If i understand correctly, this is only the second in the Harry Hole series. I've read all the others, and have been addicted to the characters and plots. I'm a big Baltic Noir fan and Nesbo doesn't disappoint. Except for the first two in the Harry Hole series. This one and the one before (set in Australia) just didn't work for me. I was disappointed big time.
I really like this story, until it went off the rails about 75% of the way through. It really was too bad. I liked all the major characters a lot. They were believable and credible. They reacted to weird developments like normal people would. I don't even have a problem with the notion of the building being more than it appears. But once they go through the door into Apartment 14 ... well, the author's story unravels into increasing silliness. I could come up with half a dozen ending scenarios that would make more sense than what's written.
Two aspects: one is that it's a modern day setting (with flashbacks) but told in a style reminiscent of Victorian novels (it actually works very well) and second is the well-told horror story line.
The opening scenes where the urchin is captured in motion on film. Creepy.
I enjoyed this story right up tp the last couple chapters - it never got bogged down and moved at just the right pace to advance the mystery. The ending really should not be a surprise, you're given all the information you need to figure out how this is going to wind up. That's actually the disappointment. It's too predictable.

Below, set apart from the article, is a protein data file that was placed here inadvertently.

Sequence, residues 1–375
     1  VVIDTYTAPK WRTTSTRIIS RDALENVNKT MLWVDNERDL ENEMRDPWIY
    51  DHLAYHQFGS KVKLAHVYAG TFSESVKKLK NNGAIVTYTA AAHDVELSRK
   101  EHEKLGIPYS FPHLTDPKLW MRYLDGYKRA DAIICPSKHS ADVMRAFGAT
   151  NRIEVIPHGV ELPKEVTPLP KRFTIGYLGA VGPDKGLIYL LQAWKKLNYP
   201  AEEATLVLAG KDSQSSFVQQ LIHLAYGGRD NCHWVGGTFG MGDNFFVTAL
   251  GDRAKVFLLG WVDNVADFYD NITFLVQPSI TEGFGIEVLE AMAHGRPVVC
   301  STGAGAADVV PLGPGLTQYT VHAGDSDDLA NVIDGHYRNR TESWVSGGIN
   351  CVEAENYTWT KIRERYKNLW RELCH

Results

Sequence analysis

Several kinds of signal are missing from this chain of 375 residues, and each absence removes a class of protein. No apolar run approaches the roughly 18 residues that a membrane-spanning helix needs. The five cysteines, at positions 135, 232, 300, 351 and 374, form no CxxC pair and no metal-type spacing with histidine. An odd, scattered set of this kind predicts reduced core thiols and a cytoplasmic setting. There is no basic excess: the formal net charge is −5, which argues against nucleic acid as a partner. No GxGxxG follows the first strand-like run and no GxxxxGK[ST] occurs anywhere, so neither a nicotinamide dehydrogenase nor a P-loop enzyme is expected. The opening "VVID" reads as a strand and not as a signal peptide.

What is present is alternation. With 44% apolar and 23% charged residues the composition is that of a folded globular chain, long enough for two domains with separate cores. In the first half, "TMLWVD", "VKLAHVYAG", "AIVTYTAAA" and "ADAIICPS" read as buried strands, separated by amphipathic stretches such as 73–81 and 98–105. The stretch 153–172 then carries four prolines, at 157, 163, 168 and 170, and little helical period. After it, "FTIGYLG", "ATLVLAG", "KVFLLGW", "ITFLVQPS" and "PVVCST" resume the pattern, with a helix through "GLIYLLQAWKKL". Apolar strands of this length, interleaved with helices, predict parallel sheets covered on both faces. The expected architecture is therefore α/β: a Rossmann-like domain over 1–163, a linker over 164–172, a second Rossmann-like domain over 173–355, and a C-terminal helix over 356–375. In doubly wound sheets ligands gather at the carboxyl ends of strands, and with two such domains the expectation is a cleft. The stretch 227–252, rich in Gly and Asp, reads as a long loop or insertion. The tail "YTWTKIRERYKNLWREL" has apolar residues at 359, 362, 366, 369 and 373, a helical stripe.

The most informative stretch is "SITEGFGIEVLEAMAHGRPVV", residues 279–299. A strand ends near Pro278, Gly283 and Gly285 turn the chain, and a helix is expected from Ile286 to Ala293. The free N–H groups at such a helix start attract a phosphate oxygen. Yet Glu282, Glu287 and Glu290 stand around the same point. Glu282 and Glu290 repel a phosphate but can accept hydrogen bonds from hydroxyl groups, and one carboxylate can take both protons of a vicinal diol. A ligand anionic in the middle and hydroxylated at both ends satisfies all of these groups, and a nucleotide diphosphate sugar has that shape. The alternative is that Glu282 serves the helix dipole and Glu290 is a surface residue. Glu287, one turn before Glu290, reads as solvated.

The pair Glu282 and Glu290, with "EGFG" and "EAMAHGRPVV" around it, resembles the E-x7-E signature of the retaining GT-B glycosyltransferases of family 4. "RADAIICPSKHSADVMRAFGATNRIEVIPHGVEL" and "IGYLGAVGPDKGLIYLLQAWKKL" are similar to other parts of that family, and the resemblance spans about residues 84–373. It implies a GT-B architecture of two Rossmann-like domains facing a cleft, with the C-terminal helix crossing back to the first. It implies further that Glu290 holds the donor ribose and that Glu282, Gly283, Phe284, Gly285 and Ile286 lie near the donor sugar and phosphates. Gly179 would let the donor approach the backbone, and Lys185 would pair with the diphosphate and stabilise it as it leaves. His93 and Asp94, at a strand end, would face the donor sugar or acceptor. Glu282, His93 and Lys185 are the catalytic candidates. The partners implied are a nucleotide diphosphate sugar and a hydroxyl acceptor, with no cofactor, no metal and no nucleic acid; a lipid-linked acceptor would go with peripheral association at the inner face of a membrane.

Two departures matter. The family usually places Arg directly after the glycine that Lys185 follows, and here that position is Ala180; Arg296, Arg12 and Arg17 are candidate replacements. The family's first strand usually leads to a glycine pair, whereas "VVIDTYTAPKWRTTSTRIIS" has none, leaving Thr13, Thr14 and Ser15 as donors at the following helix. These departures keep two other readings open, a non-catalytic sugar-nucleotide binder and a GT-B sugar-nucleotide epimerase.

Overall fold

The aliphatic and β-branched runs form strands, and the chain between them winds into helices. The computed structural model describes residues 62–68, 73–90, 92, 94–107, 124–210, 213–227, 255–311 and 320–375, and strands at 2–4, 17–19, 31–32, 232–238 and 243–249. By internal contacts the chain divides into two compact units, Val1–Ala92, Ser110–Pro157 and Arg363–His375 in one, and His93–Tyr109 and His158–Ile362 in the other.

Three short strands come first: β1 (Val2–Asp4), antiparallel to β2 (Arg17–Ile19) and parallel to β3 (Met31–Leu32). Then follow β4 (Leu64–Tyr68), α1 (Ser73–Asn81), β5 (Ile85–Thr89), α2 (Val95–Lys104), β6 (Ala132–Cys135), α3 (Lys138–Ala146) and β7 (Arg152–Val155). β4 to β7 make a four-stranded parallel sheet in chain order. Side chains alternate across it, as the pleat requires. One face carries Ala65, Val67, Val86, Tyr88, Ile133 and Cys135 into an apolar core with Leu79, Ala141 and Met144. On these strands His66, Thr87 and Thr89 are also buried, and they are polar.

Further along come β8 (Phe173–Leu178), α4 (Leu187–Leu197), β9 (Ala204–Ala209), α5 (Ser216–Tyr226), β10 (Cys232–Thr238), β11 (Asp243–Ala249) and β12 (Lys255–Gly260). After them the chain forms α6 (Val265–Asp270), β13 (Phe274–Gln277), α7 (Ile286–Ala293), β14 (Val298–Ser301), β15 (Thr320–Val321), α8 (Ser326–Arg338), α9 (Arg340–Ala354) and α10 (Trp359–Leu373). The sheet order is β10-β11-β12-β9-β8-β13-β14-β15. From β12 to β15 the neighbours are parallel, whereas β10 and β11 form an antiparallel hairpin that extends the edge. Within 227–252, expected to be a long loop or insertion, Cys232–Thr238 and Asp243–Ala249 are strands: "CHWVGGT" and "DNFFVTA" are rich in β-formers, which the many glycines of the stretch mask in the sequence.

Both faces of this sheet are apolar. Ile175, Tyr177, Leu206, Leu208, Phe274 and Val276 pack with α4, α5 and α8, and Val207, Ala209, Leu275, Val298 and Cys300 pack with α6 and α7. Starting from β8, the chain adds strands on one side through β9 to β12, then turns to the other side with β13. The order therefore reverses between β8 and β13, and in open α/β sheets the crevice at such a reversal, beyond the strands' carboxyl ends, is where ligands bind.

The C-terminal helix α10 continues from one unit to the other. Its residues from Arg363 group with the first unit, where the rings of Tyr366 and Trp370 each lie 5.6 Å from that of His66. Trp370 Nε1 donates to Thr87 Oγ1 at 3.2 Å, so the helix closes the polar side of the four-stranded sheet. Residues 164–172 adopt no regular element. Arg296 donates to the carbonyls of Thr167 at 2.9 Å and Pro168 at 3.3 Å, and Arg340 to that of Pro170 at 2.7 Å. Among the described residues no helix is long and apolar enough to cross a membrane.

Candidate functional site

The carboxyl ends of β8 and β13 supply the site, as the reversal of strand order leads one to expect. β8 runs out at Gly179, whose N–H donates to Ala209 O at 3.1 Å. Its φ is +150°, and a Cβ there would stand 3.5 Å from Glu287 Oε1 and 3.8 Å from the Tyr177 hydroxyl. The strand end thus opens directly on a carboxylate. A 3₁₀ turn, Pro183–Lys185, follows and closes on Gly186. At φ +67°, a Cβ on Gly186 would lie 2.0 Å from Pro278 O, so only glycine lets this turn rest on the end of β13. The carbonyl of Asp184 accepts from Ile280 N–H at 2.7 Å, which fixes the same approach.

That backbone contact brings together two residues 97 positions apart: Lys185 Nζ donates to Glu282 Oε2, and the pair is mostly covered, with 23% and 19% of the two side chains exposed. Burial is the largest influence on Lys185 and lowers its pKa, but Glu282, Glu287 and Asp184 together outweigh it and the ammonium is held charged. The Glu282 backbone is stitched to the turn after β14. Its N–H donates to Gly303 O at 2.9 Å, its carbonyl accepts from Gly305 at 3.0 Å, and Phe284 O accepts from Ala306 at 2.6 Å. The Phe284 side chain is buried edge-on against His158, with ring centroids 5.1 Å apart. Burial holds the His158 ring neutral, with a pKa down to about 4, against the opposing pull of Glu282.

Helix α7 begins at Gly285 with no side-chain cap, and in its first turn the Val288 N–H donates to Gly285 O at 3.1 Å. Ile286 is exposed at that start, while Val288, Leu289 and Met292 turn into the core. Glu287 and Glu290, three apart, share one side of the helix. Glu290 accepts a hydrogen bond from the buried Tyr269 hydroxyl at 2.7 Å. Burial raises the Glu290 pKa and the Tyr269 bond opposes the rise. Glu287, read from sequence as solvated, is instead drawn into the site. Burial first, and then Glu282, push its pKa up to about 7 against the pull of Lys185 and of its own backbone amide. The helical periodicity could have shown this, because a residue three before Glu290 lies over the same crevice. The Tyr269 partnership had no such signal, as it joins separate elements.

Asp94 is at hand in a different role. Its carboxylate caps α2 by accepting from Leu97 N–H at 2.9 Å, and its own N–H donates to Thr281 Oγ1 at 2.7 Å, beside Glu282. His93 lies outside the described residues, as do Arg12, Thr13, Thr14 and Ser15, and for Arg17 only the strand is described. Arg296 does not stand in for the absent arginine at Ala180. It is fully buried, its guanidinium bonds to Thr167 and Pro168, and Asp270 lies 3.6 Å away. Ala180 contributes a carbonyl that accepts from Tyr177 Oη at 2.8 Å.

Not really, I'm not generally a marathon reader. But it's a good tale.
Complex, Gripping, Surprising.
When the villain(s) murder one particularly memorable officer.
"Someone is brutally killing police officers previously linked to unsolved and unrelated murders - but, why?"
I thought I had beat Harry in figuring out who was the murderer, but not why. Turns out I was right ... but there's more to the story. Kudos to Jo Nesbo for such a thriller and such a puzzler, ... even up to the second-last chapter I was still questioning whether I had it right. And, it was only in the last chapter that Nesbo makes all the pieces fall into place.
What a great story!